drawings of muscles and exercise apparatus

Tuesday, August 29, 2006

ScrumTruk used for strength training by world champion rowers

Rowers from the University of Sydney who have used the MyoQuip ScrumTruk as an integral part of their strength training recorded outstanding performances in world competition in 2006.

Foremost among these was Liz Kell who with fellow Sydney University rower Brooke Pratley won Gold in the Women's Double Scull at the World Senior Championships in Eton, England. Kell regularly used the ScrumTruk throughout the domestic rowing season before moving to Adelaide to prepare with Pratley for the World Championships. After the race Kell commented: "We've never raced together before this regatta so this is not a bad result." A rather understated reaction to winning a world championship.

Aside from their inexperience the win was also remarkable for the fact that Kell had missed the two previous rowing seasons due to back problems.

In July in Hazewinkel, Belgium, Sydney University's Renee Kirby and Verena Stocker won Gold medals in the Women's Four at the Under 23 World Championships. Their crew was coached by the University's Phil Bourguignon. At the same championships two other Sydney University students, Chris Clyne and Fergus Pragnell, won Silver in the Men's Coxed Four.

World University Rowing Championships Gold Medallist Elsa O'Hanlon from the University of Sydney
Finally, in August in Trakai, Lithuania, Elsa O'Hanlon won the Gold in the Women's Lightweight Single Scull at the World University Games.

Sydney University's coaches Marty Rabjohns, Phil Bourguignon and Alan Bennett have pioneered the use of MyoQuip equipment in strength training for rowers. They collaborated with the University's Athlete Development Manager, Martin Harland, to develop programs incorporating not just the ScrumTruk but also the HipneeFlex and the HipneeThrust.

One very noticeable reaction was the enthusiasm with which the rowers substituted the ScrumTruk for the barbell squat in their programs. The limb geometry of most rowers is not particularly suited to squatting.

"I have no hesitation in recommending the ScrumTruk." says Marty Rabjohns who recently stepped down as the University's Director of Rowing after gaining selection as cox of the Australian Senior Eight.

"Gluteal strength and forceful hip movement are essential factors in developing boat speed for rowing. The ScrumTruk facilitates power gains, in these areas, in a controlled environment. I would recommend the ScrumTruk to anyone wishing to develop superior power."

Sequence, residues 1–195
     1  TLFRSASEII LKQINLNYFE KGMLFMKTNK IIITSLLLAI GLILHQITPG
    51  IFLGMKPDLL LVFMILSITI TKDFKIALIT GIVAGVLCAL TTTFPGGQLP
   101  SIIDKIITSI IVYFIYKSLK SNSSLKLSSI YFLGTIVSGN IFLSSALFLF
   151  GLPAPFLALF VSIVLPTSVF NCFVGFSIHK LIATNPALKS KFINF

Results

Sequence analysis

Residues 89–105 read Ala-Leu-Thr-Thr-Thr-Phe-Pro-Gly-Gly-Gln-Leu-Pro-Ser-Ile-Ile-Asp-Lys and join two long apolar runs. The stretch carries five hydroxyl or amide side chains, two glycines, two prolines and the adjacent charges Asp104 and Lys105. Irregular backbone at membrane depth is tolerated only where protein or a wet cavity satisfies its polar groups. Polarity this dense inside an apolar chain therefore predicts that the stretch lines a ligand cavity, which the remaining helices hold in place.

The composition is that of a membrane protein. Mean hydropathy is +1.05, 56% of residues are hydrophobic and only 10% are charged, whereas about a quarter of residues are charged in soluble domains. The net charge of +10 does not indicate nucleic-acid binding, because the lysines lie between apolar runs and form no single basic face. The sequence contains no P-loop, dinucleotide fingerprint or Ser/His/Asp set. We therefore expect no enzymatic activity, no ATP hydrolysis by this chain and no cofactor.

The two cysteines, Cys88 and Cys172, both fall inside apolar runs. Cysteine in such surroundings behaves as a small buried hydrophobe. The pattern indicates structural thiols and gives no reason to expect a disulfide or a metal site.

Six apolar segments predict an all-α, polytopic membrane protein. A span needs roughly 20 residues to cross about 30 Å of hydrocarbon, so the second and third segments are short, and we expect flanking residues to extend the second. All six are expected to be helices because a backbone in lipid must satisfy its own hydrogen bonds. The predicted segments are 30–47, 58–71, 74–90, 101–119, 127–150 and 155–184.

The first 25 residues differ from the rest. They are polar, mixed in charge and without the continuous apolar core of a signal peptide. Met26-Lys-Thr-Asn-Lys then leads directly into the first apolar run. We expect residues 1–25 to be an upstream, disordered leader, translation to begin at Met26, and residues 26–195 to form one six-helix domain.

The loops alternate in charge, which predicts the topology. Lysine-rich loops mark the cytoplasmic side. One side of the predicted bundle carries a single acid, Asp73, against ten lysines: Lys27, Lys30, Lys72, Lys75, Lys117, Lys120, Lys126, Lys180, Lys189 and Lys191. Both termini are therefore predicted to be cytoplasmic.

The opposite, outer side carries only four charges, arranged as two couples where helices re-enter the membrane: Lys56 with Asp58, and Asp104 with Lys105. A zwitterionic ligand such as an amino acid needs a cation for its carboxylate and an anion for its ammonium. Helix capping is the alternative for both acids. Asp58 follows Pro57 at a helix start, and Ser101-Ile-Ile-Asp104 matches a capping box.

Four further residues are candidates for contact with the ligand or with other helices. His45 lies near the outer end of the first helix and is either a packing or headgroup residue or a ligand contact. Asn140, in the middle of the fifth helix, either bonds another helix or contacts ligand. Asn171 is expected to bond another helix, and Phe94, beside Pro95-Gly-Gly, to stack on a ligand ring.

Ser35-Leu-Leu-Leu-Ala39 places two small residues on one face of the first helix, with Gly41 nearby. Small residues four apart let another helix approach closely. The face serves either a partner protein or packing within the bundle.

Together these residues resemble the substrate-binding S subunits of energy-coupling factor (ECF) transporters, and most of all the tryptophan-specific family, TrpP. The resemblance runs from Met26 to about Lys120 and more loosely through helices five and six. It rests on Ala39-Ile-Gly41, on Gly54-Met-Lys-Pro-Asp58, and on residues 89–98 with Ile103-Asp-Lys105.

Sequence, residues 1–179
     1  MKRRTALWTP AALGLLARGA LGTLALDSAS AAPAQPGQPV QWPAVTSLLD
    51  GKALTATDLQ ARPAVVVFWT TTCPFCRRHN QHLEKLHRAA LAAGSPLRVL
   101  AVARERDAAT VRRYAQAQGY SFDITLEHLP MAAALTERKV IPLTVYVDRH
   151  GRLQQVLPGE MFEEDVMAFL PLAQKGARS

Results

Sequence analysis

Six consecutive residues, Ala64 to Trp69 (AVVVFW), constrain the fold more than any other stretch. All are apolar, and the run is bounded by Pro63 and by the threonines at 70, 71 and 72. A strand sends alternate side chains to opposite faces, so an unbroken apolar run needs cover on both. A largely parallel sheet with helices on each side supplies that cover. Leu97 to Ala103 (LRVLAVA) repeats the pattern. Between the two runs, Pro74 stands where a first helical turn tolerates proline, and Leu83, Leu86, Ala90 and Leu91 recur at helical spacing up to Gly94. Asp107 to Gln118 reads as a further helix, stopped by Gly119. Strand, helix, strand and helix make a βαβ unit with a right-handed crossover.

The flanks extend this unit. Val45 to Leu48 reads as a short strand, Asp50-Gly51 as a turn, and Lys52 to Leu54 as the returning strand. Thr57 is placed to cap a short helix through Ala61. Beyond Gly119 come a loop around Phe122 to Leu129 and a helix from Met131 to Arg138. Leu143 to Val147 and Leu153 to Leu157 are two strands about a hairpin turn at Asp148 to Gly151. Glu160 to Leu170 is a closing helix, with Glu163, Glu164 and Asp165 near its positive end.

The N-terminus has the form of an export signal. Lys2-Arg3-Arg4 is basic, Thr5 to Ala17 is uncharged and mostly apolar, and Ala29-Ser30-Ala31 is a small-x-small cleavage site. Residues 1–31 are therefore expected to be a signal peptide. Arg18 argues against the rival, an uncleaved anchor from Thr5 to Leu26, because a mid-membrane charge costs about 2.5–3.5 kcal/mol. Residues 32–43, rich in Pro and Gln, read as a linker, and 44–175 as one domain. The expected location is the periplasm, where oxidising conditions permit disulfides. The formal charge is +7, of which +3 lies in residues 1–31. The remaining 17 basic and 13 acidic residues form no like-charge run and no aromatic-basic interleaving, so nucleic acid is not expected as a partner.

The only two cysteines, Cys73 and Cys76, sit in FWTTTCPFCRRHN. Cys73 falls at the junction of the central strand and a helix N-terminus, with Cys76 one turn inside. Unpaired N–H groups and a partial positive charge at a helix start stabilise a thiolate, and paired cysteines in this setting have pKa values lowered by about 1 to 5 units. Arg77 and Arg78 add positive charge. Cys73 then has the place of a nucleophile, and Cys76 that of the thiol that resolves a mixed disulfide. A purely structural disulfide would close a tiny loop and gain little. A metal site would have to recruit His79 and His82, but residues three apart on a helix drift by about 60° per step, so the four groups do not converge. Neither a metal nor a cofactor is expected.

Sydney University rowing coach Phil Bourguignon supervising Damon Hietbrink on the ScrumTruk

Phil Bourguignon who came to the University of Sydney from the Australian Institute of Sport emphasises that "use of the ScrumTruk also gained positive strength results with athletes during rehab and suffering back pain experienced during free squats."

He concludes that the ScrumTruk is "a safer and more effective mechanism than the free squat."


Saturday, August 26, 2006

Rugby World Cup winning Wallaby endorses the ScrumTruk

Bob Egerton, a member of the 1991 World Cup winning Wallaby team and long-serving player and coach with the Sydney University Football Club, admits to having been "a big fan of ScrumTruk since its inception." He recommends its use for players at all levels in the game.

Bob Egerton was the first Club Coach to use the ScrumTruk when in 2004 he and Todd Louden were setting up the Elite Development Squad (EDS) program at Sydney University's rugby club. The EDS program laid the foundation for the Club's subsequent success in winning premierships and developing professional players, and the ScrumTruk has been an integral part of the strength and conditioning section of the program.

When Bob returned to his first love of school teaching in 2005 he recommended to the Friends of Grammar Rugby that they also install the ScrumTruk. The Friends group had been set up to assist in overcoming Sydney Grammar School's lack of competitiveness in rugby. Renowned for its academic selectiveness and outstanding scholastic performances, the School was struggling to compete against schools whose focus was more on sporting ability and performance.

The Friends funded the purchase of a ScrumTruk to "improve scrummaging strength and technique and allow productive work to be accomplished by boys in lunchtime workouts where appropriate." In the past two seasons Grammar has made steady progress on the rugby field. In 2005 the First XV had two victories and a draw from their seven games in Sydney's Greater Public Schools (GPS) competition, and performed even better in 2006 winning three of their last four games and losing the other by a single point.

"I have been a big fan of ScrumTruk since its inception." says Bob Egerton. "Having played at all levels in the game and coached players of all abilities, I am well aware that preparation is everything. ScrumTruk provides a specificity of training off the field that enhances performance on it. This benefits players, whether they be School 1st XV or internationals. Having utilised ScrumTruk in my training programmes for the last 3 years, I thoroughly recommend its value."


Tuesday, August 22, 2006

MyoQuip releases the HipneeThrust leg extensor strength builder

Unique features and performance characteristics:

  • Fully recumbent exercise position.

  • Comfortable and natural body position throughout the full range of movement ensuring no adverse loading on spine, hips or knees.

  • Exercise movement range from extreme flexion of hip and knee joints to full extension.

  • Utilises QuadTorq technology providing effective activation of hip and knee extensors over the full range of movement

  • Synchronised joint angles distribute load evenly between hip and knee extensors.